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Electrolytic or Tantalum ?

Discussion in 'General Electronics Discussion' started by @[email protected]@me, Apr 9, 2018.

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  1. @xi@g@me

    @[email protected]@me

    48
    2
    Dec 15, 2016
    Hi all !
    The question has already been posted in the topic about my current electronics project, but I guess it is large enough to end here too (to the moderators: please correct me if I'm wrong or violating any forum rule)

    So, I was wondering : which is for you the best to chose between an aluminum electrolytic or a tantalum capacitor to put together with a ceramic capacitor for decoupling purposes ?

    As said in the project log, I'd prefer the electrolytic capacitor, because it is for me less dangerous for the circuit, my house and myself if something goes wrong with it than with a tantalum capacitor. On the other hand I have to admit that tantalum capacitors use way less space on a circuit board than an electrolytic one.

    Your thoughts ?
     
  2. kellys_eye

    kellys_eye

    4,275
    1,147
    Jun 25, 2010
    Space shouldn't be an issue these days given the smaller packaged devices you can get - SMD if you're really pushed.

    Tantalums would normally be used for timing accuracy purposes or areas where low ESR was a particular requirement. Their 'historical' issues surrounding 'explosions' etc don't tend to be found these days but there is no real reason to use tantalum versions with the vast array of alternatives now available.
     
  3. Arouse1973

    Arouse1973 Adam

    5,164
    1,087
    Dec 18, 2013
    Hello. I rarely use electrolytic capacitors now, I prefer MLCCs . I won't use Tants out of principle because of where Tantalum is predominantly mined. I guess if I had to choose between the two it would have to be electrolytic type.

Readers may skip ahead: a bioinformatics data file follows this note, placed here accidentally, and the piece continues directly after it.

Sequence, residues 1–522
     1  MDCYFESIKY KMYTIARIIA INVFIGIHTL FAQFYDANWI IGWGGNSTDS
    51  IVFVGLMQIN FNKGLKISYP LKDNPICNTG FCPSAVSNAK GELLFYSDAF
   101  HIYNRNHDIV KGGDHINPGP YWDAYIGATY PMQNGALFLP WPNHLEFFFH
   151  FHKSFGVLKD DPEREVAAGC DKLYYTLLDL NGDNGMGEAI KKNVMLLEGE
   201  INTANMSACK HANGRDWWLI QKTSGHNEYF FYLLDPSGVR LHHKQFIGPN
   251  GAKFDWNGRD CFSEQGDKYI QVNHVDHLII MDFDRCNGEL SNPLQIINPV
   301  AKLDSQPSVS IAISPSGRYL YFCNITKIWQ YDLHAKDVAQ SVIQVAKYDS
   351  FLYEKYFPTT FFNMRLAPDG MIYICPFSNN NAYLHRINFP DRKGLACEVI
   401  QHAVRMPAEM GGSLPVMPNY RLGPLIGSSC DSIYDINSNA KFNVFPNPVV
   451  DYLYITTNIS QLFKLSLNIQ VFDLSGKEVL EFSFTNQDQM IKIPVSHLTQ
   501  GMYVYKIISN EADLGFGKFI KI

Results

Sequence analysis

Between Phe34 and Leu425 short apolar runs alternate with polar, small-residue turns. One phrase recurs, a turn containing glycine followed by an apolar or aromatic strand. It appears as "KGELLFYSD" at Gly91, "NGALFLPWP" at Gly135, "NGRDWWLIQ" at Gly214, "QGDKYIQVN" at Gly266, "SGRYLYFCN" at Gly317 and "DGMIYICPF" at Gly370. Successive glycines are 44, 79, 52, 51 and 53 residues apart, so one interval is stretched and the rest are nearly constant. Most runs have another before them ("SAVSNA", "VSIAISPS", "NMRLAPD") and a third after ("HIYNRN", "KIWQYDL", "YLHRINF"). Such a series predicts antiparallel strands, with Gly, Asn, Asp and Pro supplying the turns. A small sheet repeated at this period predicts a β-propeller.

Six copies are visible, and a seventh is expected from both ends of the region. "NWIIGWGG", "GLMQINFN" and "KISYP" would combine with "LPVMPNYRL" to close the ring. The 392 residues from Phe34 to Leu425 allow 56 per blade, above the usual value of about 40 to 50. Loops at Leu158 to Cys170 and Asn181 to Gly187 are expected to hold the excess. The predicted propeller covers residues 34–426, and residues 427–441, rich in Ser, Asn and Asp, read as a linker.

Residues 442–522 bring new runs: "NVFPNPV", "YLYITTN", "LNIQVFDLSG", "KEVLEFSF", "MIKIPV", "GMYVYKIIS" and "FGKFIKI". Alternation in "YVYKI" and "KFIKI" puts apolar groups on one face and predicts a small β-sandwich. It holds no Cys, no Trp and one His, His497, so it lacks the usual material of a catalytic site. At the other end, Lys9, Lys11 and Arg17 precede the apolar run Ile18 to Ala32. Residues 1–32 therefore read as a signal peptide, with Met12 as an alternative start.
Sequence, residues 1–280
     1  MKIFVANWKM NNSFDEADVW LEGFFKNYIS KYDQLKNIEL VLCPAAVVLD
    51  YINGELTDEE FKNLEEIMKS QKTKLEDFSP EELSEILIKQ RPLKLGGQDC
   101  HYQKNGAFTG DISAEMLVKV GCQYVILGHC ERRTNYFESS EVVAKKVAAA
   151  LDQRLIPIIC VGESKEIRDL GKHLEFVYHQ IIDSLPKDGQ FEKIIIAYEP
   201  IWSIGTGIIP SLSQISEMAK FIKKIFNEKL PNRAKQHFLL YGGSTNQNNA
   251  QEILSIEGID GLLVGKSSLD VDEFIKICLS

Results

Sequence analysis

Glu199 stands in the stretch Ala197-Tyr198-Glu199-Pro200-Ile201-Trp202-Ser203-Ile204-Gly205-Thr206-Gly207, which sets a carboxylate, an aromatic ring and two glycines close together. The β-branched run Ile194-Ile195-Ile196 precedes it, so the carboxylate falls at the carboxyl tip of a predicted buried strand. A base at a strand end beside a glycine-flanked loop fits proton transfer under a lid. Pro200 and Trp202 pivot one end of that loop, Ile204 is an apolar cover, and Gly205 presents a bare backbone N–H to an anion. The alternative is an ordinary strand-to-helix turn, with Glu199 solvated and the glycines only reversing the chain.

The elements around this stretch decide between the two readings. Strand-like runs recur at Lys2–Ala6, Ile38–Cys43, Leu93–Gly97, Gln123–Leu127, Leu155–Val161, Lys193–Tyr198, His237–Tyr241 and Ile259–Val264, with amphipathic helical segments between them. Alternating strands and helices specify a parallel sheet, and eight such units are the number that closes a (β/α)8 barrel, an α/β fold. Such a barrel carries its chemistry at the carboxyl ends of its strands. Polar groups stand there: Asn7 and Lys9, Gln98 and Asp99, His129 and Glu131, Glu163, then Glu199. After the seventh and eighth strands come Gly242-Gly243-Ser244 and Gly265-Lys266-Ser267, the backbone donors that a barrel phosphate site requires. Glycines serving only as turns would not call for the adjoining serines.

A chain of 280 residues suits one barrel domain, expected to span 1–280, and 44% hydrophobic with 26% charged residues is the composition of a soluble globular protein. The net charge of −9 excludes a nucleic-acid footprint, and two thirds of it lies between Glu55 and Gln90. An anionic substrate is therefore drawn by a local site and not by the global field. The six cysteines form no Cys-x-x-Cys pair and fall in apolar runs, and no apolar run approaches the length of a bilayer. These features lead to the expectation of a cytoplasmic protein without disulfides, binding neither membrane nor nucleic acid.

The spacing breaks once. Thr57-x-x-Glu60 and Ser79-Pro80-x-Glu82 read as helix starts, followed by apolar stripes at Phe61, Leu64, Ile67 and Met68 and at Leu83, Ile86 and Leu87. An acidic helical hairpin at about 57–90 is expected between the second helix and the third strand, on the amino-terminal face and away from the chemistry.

Thanks
    Adam
     
  4. @xi@g@me

    @[email protected]@me

    48
    2
    Dec 15, 2016
    Thanks for your replies :) seems like tantalum capacitors are more secured now. But Arouse1973 have a good argument against their use, I have to admit :)

    I had a look to what MLCC meant, and if I'm not wrong this must stand for "Multi-layer ceramic capacitor", but if that's the case then these capacitors are not polarized. Shall one not use both a non polarized and a polarized capacitor for decoupling? For the non-polarized one I already use an SMD MLCC.

    For the space I'm not really tight (especially when I use 9 female-type SCART sockets on my board...), but I'd prefer to use the SMD components for 2 reasons (which may really not sound to be good reasons, indeed, but I do not intend to make this as an industrially produced board) :
    - That will make me practice the soldering of SMD components;
    - I intend to put the PCB in a transparent case, so I want it to be...well...presentable.
    That is why space is not really an issue for me.
     
  5. Arouse1973

    Arouse1973 Adam

    5,164
    1,087
    Dec 18, 2013
    You don't have to use a polarized capacitors so at the end of the day it's up to you. Have a look a the characteristics of both MLCC and electrolytic, see which one is best suited to your design.
    Thanks
    Adam
     
  6. BobK

    BobK

    7,682
    1,688
    Jan 5, 2010
    A non-polarized capacitor can always replace a polarized one, but not the other way around.

    Bob
     
  7. @xi@g@me

    @[email protected]@me

    48
    2
    Dec 15, 2016
    OK. I also chose the polarized / non-polarized pair because this was suggested to be so by the 4051 datasheet, but what you say makes sense. I'll go back to a pair of MLCCs then. I don't really care about the ESR (equivalent resistance of the capacitor, right ?) here because there ain't much current flowing "through" them & because the frequency of the signals the 4051 will handle will not be so high (composite video / RGB data)
     
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